It is difficult to be fair when viewing these figures and this situation through western eyes. Furthermore, it is wholly inappropriate that as a guest in India I should cast any condemnatory remarks in the direction of administrators and managers who are trying to juggle priorities in education with those in areas such as environment and transport, often under challenging circumstances. Figures such as those above are particularly shattering when I think of the enormity of the task of supporting teachers in the development of inclusive schools. Each of these statistics reveals the day to day realities of the lives of many children, teachers and families. How can what we are doing on a small course in Bangalore possibly make a difference?

Every journey must begin with a single step. I can only hope that for every fifty teachers with whom we interact here in India one may go the extra mile towards changing the education system to one that is more equitable and inclusive. To do so demands resilience and fortitude. Teachers have to be activists and agents for change in a way that those in my own country can hardly imagine. The joy in working here is the knowledge that every student with whom we work on this course is making a commitment to enable children to gain access to an education that is firmly focused on their needs and those of their families and communities.

In support of this venture our students today completed activities founded upon ensuring that their pupils were able to access learning at their own level in classes of diverse need and ability. Through carefully planned lessons, the use of mind maps and the analysis of pupil needs they continued to demonstrate their dedication to learners and their ingenuity as teachers. As tutors on this course we come from a privileged background and reap the riches of working with consummate professionals. We know that we have had educational opportunities that are denied to so many with whom we work here. Yet whatever we give to our students they return with interest a thousand times.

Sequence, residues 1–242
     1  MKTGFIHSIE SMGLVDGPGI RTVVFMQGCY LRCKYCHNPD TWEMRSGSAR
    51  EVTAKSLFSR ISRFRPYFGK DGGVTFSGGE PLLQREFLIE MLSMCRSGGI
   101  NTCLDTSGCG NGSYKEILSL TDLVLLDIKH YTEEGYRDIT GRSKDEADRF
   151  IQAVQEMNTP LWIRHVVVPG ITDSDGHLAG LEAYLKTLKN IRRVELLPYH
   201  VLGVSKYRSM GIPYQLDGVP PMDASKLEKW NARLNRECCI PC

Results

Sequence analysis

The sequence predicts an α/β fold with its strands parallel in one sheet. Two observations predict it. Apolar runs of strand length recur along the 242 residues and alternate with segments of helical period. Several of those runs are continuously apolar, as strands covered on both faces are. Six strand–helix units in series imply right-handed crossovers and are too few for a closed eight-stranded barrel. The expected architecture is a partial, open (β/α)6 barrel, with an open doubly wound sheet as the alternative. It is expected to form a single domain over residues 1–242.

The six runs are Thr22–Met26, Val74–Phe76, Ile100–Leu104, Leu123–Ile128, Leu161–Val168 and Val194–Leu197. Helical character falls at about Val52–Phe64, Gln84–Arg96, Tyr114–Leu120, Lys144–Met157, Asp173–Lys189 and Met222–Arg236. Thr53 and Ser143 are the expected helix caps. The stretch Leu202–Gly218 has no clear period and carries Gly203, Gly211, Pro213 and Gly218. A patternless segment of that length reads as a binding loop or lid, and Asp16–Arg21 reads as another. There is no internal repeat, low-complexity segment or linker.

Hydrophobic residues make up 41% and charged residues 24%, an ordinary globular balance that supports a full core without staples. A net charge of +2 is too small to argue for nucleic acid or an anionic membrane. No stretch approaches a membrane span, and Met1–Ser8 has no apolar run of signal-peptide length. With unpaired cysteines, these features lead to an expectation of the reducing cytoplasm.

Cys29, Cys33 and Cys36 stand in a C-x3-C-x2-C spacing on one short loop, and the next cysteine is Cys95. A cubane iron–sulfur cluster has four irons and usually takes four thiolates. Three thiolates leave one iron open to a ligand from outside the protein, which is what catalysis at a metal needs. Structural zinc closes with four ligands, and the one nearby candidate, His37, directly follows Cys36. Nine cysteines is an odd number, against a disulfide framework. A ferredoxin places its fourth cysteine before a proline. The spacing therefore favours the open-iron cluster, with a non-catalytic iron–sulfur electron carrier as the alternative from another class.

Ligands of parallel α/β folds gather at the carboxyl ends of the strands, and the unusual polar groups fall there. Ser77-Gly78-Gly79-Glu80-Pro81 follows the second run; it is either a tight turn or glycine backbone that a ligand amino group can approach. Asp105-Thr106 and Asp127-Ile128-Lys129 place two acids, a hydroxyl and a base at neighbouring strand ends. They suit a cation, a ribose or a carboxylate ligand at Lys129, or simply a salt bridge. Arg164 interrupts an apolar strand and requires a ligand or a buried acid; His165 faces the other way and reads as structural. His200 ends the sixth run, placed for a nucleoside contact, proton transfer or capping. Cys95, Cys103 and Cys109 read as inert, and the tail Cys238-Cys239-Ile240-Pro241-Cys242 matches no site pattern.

And finally a piece of good news (that hopefully will not make the morning newspapers). Just as I was about to contrive making a dhoti out of a bedsheet in order to go out this evening my laundry was returned. This comes as a great relief to myself but even more so to the good people of Jayanagar I suspect!

Planning for diverse needs. The product of thinking

Planning for diverse needs. The product of the thinking of one group of students

Why are we here?

Blackboard outside of school in Jayanagar, Bangalore inviting applicants for pupils from marginalised groups under the RTE

Blackboard outside of school in Jayanagar, Bangalore inviting applicants for pupils from marginalised groups under the RTE

It’s a long way from Northamptonshire to Bangalore, a journey that I have made many times and one that lately I have shared with my colleagues Mary and her husband Tom and with John. Is the journey valid and worthwhile? This is a question I have often asked as I have wandered aimlessly around Dubai airport in transit from Birmingham, or whilst attempting to shrug off the jet lag during the first days after arrival. However, it takes only a little time until as a result of the kindness of friends and colleagues, a sort of confidence is aroused and I am reaffirmed in my appreciation of why we are here.

I suppose that in common with many other teachers I have always believed in education as a means of empowerment. In my own experience education has been a source of liberty, providing me with opportunities that were denied to earlier generations of my family. Education has to be a vehicle through which learners, many of whom have been marginalised or disenfranchised and others who have become disaffected can gain the confidence they require to participate fully within their communities. Without such a purpose its objectives are often contrived around policy agendas and are therefore likely to be sadly limited. For some this notion of education as empowerment is clearly easier to comprehend or to achieve than it is for others, but the challenge of engaging those who have traditionally been viewed as difficult to reach has always been part of the thrill of teaching. The empowerment of teachers is equally important. Teachers who feel that they are respected and have their professionalism recognised are more likely to maintain their commitment to their pupils. When they believe that they are being sidelined and their experience and expertise devalued, they too become disaffected.